Otherwise, shipping out is enough of an undertaking to make it worth shedding all unwanted mass. From the upper atmosphere, to get into close orbit around Jupiter takes 42 kps, and to escape altogether needs 60 kps, but Jupiter’s 12.6 kps equatorial spin provides a quarter of the orbital velocity and a 290 kph airstream in the same direction supplies 0.08 kps; hypersonic factory flight can add up to 3 kps more. A shuttle can reach 10 kps in the atmosphere on scramjet thrust before engaging rockets, but a further 19-20 kps is still needed to reach orbit, while the transfer to Callisto is equivalent in energy terms to an interplanetary mission.
The BIS team specified Callisto as the base of operations because it’s the only one of the large moons outside the radiation belts. But space habitats’ shielding against cosmic rays will allow them to come into close orbit around Jupiter. The energy required to get there is nothing to a habitat which is fuelling up for the journey to the cometary halo or one of the nearer stars. Gordon assumed that before pickup the factory accumulates 60,000 lbs. of cargo, a typical payload for the present Space Shuttle, needing 1800-2000 flights to accumulate 50,000 tons of propellant. Ideally the shuttles would be a nuclear-powered version of Alan Bond’s HOTOL, more suitable for this purpose than his more recent Skylon design.
Because Jupiter’s magnetic field is generated not in the core, but in the liquid hydrogen layer overlying it, the field isn’t concentric with the planet. There’s an ‘eccentric cam effect’ – a radiation-free zone, extending to 7140 km above the clouds on one side of the planet, rotating with the invisible ‘System III’ of Jupiter’s interior. From a habitat in it, a manned, unshielded vehicle can descend into the atmosphere. Operations would normally be automated, but living space for a crew of two in the factory nose, with access from the fin, allow emergency repair. The factory’s wing-loading allows for extended glide at below design Mach number, for that. If it fails and the crew can’t get back to their shuttle, the escape system for’ard might be a capsule with a deployable hot-air balloon.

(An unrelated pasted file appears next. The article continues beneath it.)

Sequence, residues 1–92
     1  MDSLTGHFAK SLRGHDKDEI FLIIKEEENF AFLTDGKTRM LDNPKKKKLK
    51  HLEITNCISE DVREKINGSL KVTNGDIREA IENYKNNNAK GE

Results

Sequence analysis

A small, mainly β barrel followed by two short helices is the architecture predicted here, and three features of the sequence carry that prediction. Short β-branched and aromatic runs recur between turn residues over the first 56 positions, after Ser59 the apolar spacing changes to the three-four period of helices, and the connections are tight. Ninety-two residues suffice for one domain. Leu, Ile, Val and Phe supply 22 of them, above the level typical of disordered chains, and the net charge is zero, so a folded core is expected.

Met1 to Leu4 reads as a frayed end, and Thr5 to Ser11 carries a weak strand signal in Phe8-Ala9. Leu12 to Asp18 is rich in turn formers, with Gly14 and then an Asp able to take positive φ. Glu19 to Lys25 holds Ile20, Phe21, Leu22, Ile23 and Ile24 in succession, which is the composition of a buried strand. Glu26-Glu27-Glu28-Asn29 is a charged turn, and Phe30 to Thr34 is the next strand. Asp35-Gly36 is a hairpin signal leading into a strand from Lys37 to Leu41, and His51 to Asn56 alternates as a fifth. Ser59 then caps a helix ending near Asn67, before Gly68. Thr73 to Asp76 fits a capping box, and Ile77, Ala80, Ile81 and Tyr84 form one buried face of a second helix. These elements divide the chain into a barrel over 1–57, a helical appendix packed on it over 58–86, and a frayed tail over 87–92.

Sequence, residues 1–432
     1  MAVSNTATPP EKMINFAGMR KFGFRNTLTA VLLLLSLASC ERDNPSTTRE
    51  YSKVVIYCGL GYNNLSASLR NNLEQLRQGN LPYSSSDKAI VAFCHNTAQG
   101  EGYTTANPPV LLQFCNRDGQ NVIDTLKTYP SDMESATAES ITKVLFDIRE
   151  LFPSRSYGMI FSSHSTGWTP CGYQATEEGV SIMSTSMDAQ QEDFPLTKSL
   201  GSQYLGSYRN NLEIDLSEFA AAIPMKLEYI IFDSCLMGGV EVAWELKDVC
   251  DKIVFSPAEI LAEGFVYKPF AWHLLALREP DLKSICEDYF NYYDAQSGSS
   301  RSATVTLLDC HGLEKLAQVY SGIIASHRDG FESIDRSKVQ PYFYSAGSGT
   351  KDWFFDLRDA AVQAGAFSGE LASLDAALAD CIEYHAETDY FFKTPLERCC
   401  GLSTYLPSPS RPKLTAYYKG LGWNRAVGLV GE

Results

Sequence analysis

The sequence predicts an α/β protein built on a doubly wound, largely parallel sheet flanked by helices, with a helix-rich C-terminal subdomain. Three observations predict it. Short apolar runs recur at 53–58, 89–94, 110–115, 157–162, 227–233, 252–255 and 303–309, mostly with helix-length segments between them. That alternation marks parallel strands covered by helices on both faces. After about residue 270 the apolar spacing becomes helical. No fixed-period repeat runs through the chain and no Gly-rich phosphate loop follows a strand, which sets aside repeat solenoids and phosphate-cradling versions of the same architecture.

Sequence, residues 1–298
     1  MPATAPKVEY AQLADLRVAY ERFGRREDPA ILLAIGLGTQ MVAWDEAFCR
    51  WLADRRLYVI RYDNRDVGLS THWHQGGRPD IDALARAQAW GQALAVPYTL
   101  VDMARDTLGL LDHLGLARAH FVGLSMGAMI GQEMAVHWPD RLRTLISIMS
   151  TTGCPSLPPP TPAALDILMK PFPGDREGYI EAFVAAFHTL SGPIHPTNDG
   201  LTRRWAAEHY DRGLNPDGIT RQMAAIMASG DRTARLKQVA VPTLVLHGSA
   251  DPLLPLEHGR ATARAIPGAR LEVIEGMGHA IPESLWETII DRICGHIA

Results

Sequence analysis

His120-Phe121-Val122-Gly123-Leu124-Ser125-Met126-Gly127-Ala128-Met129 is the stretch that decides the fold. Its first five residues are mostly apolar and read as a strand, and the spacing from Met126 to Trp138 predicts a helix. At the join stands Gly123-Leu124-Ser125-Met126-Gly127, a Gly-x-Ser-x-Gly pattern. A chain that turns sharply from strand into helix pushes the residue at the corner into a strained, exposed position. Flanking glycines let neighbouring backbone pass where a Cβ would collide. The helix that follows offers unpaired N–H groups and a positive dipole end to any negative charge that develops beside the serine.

Would anyone go down there, willingly? At the visible surface gravity is 2.55 g; but standing up in a fairground rotor is a common test of strength, and aerobatic teams perform sustained sequences at higher g-loadings. Pilots could be acclimatised to it in centrifuges, or just by driving round the axis of their habitats at high speed, as the Skylab astronauts simulated gravity by running round the ring of lockers. With 90 km-deep sky to play around in, there are bound to be pilots who find some excuse to get down there. However, they could probably adapt to higher gravities: it’s been done with chickens raised in centrifuges under simulated Jupiter gravity (Ed Regis, “Great Mambo Chicken and the Transhuman Condition”, Viking, 1980).
As an ultimate extension of these ideas, in “Man and the Planets” we envisaged Jupiter being terraformed by converting enough of its hydrogen into oxygen, with flying fusion reactors, to turn it into a huge ball of water. As the Chinese proverb has it, “with sufficient fire you can cook anything”. There could be a civilisation living in lagoons, with giant lily-pads, kept open in the ice by sub-surface fusion power plants. That image had come from a BBC documentary about life on the Amazon; the real-life ones are Victoria Regia, featured in David Attenborough’s The Private Life of Plants. We suggested that to avoid becoming indolent the inhabitants should regard serving on the wind-power generators, mounted on the surrounding ice walls, as a form of National Service; otherwise there would be a danger of evolving into two distinct forms, like the Eloi and Morlocks of “The Time Machine” – putting a whole new complexion on the words, “Come with me and I will make you fishers of men”.